Management of a Case of Spinal Cord Injury Sustained During Pregnancy

[Year:2018] [Month:July-September] [Volume:5] [Number:3] [Pages:3] [Pages No:132 - 134]

Keywords: Pregnancy, Spinal cord injury, Spinal fracture

   DOI: 10.5005/jp-journals-10039-1186  |  Open Access |  How to cite  | 


Spinal cord injuries during pregnancy are not frequently reported in the literature. In the present article, we report a case of a 20 year pregnant female who sustained a spinal fracture in a road traffic accident. On examination, there were no neurological deficits. Imaging findings were suggestive of an unstable spine fracture which was managed surgically. The patient made a good recovery.



B Indira Devi, Lokesh S Nehete, Subhas Konar, Varun Reddy

Uncommon Presentation of Ankylosing Spondylitis-Primary Stenosis at C1 Arch

[Year:2018] [Month:July-September] [Volume:5] [Number:3] [Pages:3] [Pages No:135 - 137]

Keywords: Ankylosing spondylitis, C1 arch stenosis, Enthesopathy

   DOI: 10.5005/jp-journals-10039-1187  |  Open Access |  How to cite  | 


Aim: The object of this case report is to report primary C1 arch stenosis as a cause of myelopathy in an ankylosing spondylitis patient. Background: Myelopathy at the level of the atlas in ankylosing spondylitis is commonly caused by atlantoaxial or occipitocervical subluxation, retro-odontiod pannus formation, cranial settling/ basilar invagination, odontoid fracture. Myelopathic feature are often neglected and are attributed to sacroiliac and lumbar spine involvement initially in these patients. Case report: A 54 years old patient with long-standing ankylosing spondylitis presented with history neck pain with restriction of neck movements, gradually progressive weakness and stiffening of all four limbs. On examination, the patient had myelopathic features. Computed tomography (CT) of cervical spine showed straightening of cervical spine with severe stenosis at the C1 and bamboo stick appearance of a spine. The Magnetic resonance imaging (MRI) showed cord compression and T2 cord signal changes at the C1 level. The patient underwent C2 laminectomy and C1 posterior arch excision in neutral prone position. Postoperatively, the patient demonstrated improved limbs activity with a reduction in the flexor spasm. Conclusion: Primary C1 arch stenosis may be one of the causes of myelopathy in ankylosing spondylitis patients and timely diagnosis and intervention benefits the patient and reduces morbidity.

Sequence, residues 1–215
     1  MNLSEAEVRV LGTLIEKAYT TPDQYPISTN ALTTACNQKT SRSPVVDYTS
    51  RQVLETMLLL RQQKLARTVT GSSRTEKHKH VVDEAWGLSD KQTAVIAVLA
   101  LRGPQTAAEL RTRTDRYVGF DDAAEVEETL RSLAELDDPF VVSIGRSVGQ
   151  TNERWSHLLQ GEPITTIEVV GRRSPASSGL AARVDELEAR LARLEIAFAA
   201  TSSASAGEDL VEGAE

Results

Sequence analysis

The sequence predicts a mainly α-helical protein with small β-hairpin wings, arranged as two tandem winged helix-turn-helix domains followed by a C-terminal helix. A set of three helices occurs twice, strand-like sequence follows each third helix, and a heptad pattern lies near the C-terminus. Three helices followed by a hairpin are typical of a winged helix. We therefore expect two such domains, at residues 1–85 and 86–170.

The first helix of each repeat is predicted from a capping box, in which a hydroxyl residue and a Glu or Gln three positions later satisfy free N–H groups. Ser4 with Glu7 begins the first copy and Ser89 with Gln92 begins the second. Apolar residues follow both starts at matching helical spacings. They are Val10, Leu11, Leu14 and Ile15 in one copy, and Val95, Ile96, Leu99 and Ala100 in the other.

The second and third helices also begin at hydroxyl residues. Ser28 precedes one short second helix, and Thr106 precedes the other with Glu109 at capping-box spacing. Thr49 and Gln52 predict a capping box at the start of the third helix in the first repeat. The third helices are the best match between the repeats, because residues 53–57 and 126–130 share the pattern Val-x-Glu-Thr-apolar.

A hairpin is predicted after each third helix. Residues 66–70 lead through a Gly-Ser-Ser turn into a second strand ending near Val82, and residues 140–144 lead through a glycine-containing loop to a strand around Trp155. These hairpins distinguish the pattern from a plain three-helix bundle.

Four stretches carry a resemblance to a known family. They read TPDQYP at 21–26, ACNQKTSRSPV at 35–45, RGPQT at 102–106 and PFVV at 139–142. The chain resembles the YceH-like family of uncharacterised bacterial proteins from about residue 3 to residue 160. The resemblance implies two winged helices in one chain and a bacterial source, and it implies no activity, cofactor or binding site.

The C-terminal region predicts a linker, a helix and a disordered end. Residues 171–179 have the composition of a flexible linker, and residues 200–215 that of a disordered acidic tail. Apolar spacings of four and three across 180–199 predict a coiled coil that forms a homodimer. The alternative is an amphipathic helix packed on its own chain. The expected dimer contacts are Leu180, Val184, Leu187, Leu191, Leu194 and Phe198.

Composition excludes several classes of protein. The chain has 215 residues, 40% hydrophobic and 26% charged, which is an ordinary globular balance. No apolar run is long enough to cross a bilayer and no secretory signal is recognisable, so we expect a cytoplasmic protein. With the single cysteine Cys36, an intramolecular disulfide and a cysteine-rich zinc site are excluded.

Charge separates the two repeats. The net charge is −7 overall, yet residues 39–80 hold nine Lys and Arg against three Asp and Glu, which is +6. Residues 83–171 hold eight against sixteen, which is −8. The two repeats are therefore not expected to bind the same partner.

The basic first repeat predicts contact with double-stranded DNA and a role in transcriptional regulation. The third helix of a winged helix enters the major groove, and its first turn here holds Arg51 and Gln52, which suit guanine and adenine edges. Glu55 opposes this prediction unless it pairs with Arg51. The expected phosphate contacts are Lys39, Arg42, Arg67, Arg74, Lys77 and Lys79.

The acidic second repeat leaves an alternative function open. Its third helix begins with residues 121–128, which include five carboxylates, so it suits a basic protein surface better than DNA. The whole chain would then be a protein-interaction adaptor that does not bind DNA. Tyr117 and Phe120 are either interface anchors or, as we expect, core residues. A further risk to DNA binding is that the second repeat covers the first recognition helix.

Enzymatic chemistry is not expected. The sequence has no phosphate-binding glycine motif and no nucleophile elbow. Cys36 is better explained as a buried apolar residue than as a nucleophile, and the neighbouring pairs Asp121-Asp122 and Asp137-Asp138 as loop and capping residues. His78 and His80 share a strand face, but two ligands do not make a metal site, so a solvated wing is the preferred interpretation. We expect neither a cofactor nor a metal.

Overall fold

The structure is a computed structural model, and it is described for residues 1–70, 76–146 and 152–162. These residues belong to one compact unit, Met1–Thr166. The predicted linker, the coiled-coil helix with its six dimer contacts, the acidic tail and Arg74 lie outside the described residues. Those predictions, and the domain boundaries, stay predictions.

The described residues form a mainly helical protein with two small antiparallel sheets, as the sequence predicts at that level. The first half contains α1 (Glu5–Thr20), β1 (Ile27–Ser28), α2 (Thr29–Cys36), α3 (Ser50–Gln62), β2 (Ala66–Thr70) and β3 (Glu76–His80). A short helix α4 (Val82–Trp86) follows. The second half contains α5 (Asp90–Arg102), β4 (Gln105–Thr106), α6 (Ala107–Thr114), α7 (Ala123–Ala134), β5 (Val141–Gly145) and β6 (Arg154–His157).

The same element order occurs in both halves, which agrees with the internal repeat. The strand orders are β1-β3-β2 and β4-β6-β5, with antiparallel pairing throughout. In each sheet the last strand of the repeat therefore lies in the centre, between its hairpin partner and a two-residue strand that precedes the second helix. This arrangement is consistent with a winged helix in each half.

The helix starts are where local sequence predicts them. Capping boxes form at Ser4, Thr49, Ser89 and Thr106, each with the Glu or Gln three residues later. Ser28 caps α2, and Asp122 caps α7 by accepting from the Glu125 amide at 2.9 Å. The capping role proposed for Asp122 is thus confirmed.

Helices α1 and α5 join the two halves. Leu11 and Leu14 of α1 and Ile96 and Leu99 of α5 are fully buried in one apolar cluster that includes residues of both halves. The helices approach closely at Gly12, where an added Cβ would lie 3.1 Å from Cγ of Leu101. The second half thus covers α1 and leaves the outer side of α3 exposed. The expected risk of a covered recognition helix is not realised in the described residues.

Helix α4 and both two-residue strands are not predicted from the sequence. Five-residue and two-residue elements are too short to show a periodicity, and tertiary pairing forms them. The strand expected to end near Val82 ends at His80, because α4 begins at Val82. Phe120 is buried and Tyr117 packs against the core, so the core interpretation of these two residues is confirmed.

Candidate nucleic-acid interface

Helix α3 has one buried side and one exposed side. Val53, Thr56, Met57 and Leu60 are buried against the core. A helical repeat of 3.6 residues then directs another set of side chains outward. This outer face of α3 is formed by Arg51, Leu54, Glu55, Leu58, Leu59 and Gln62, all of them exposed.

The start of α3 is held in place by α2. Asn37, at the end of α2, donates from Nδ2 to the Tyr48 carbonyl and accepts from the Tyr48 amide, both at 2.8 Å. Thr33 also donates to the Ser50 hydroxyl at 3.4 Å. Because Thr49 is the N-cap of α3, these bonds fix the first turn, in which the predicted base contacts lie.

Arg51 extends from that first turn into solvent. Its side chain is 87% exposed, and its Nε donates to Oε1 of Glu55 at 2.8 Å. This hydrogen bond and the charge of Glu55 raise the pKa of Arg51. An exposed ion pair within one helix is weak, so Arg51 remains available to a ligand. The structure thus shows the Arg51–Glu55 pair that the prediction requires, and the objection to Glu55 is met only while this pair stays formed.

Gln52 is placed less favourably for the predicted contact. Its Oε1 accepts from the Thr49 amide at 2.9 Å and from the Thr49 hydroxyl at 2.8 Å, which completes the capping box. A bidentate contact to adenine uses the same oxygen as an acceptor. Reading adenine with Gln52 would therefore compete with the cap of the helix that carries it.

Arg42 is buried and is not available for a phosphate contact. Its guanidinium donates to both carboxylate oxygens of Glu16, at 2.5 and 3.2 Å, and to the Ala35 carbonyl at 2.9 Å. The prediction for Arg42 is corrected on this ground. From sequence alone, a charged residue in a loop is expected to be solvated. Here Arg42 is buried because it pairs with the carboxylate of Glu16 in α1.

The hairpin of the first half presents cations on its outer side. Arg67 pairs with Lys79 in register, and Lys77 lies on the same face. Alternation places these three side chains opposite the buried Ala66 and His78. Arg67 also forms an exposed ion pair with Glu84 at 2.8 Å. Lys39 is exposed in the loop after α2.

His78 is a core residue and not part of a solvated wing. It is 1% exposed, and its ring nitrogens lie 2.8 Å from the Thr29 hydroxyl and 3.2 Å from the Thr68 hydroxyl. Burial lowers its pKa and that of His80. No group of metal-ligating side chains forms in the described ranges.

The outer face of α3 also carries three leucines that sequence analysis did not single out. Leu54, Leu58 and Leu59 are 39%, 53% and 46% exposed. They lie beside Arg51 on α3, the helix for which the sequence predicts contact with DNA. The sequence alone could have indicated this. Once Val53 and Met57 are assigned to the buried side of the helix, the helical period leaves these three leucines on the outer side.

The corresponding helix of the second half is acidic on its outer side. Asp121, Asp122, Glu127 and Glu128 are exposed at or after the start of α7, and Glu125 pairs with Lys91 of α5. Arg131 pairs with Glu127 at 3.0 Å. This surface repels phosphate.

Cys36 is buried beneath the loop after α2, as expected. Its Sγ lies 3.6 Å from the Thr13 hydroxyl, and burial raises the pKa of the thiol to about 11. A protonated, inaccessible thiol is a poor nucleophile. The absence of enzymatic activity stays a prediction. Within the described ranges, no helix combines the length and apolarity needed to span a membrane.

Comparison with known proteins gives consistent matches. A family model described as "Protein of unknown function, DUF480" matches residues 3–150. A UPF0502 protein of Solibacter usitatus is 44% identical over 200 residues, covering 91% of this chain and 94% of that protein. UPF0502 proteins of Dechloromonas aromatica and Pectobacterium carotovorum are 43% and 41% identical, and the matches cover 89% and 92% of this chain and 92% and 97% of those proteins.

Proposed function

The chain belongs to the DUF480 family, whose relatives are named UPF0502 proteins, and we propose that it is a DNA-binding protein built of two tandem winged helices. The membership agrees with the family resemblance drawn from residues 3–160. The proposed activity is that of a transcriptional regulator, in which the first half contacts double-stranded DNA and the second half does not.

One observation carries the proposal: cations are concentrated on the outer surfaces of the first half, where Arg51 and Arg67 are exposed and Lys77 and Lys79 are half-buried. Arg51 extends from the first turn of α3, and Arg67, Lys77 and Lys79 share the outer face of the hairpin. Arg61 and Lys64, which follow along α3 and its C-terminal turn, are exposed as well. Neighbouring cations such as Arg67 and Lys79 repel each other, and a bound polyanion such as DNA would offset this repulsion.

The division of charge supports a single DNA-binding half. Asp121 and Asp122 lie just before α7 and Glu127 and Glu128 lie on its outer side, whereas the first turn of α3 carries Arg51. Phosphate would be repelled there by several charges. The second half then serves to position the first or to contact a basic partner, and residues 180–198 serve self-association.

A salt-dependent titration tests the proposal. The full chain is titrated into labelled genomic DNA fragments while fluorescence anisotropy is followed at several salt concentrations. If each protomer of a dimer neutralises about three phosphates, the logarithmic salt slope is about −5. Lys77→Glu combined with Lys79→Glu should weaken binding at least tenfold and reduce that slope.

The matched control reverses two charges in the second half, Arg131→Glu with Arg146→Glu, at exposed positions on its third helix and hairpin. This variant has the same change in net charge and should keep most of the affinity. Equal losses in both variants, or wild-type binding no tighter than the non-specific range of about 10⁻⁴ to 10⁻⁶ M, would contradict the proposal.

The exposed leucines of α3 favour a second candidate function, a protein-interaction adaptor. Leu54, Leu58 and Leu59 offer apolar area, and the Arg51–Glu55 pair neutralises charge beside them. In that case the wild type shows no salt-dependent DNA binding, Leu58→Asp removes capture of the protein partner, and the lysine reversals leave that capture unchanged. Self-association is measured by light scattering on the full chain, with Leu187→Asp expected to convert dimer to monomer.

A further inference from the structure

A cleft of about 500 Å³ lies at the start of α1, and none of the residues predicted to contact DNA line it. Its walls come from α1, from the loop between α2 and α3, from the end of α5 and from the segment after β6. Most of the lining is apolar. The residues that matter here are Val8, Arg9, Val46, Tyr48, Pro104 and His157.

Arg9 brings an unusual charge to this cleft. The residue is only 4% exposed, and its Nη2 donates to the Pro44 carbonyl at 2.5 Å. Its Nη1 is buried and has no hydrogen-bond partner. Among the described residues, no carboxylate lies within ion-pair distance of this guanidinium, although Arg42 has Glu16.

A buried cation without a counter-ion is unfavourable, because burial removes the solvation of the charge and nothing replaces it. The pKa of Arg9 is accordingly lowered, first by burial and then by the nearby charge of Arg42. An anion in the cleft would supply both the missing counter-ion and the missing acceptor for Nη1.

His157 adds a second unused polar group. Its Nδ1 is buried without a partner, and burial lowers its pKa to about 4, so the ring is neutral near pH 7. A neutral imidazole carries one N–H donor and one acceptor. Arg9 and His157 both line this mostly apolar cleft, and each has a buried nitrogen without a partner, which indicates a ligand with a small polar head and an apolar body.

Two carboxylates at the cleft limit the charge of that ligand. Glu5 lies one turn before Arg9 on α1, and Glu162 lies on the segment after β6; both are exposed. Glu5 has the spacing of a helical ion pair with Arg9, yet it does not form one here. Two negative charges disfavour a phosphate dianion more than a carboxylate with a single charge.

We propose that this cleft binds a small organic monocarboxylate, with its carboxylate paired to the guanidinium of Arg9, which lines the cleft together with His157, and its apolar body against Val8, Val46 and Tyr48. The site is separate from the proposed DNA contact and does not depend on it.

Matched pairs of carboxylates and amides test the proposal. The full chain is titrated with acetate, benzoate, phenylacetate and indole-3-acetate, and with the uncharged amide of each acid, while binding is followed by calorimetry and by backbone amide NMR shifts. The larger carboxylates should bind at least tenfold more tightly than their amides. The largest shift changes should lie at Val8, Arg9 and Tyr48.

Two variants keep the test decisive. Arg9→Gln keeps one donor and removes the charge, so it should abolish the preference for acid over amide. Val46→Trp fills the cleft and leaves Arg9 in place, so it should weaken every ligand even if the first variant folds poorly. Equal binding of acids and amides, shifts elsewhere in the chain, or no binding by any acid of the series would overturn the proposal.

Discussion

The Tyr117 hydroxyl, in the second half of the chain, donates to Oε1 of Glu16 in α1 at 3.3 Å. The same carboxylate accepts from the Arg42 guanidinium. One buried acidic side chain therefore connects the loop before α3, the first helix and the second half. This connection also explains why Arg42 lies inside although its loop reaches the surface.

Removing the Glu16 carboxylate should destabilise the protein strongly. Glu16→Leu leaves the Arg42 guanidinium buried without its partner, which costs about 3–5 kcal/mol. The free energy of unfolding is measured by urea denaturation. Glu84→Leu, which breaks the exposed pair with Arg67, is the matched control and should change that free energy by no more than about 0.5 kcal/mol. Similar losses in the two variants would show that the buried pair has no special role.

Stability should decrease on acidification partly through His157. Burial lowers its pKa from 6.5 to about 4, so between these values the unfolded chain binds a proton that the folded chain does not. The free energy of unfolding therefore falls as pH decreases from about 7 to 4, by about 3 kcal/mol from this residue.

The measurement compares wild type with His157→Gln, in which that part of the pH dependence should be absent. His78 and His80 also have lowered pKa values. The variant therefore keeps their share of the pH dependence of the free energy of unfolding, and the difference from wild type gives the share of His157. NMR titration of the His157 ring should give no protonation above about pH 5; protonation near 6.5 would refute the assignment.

Bipin Chaurasia, Dhiman Chowdhury, Ayub Ansari, Robert A Khan, Raushan Chaurasia, Akhlaque H Khan, Ranjit K Chaurasiya, Kanak K Barua, Ramesh Chaurasia, Nazmin A Lopa, Sweta K Chaurasia, Pulak Biswas, Md. Mainul Islam

Bilateral Symmetric Dumbbell C1-C2 Ganglioneuroma in Neurofibromatosis Type 1 Patient Causing Spastic Quadriparesis

[Year:2018] [Month:July-September] [Volume:5] [Number:3] [Pages:6] [Pages No:138 - 143]

Keywords: Dumbbell, Ganglioneuroma, Neurofibromatosis Type 1, Spastic quadriparesis

   DOI: 10.5005/jp-journals-10039-1188  |  Open Access |  How to cite  | 


Introduction: Ganglioneuroma is a very rare tumor and rarely found bilaterally in association with neurofibromatosis patient. Very few cases of dumbbell ganglioneuroma in the cervical region have been reported in the literature. Materials and methods: A 36-year young male presented to us with a complaint of progressive spastic quadriparesis for 4 years. We did MRI of the cervical spine with contrast and found bilateral symmetrical dumbbell mass at the C1-C2 level severely compressing the spinal cord. Rest of the spine and brain imaging showed normal findings. Materials and methods: A 36-year young male presented to us with a complaint of progressive spastic quadriparesis for 4 years. We did MRI of the cervical spine with contrast and found bilateral symmetrical dumbbell mass at the C1-C2 level severely compressing the spinal cord. Rest of the spine and brain imaging showed normal findings. Conclusion: Bilateral symmetric dumbbell ganglioneuroma is extremely rare in C1-C2 region and can be associated with neurofibromatosis Type 1.



Satyashiva Munjal

Conus Hemangioblastoma with Holocord Syrinx not Associated with von-Hippel Lindau (vHL) Syndrome: A Case Report

[Year:2018] [Month:July-September] [Volume:5] [Number:3] [Pages:3] [Pages No:144 - 146]

Keywords: Conus medullaris tumor, Holocord syrinx, Spinal hemangioblastoma

   DOI: 10.5005/jp-journals-10039-1189  |  Open Access |  How to cite  | 


We present a case of 40-year-old male who presented with backache, numbness and gradually progressive weakness of lower limbs of 6 months duration. Magnetic resonance imaging (MRI) revealed a homogeneously enhancing tumor in the conus with holocord syrinx suggestive of a hemangioblastoma. Hemangioblastoma of the conus medullaris is a rare pathology especially when it is not associated with vHL syndrome. Here we discuss surgical nuances of operating upon such a rare pathology and briefly review the literature.



The Great Neurosurgeon and Spinal Surgery Atul Goel—A Neurosurgical Genius

[Year:2018] [Month:July-September] [Volume:5] [Number:3] [Pages:7] [Pages No:147 - 153]

   DOI: 10.5005/jp-journals-10039-1190  |  Open Access |  How to cite  |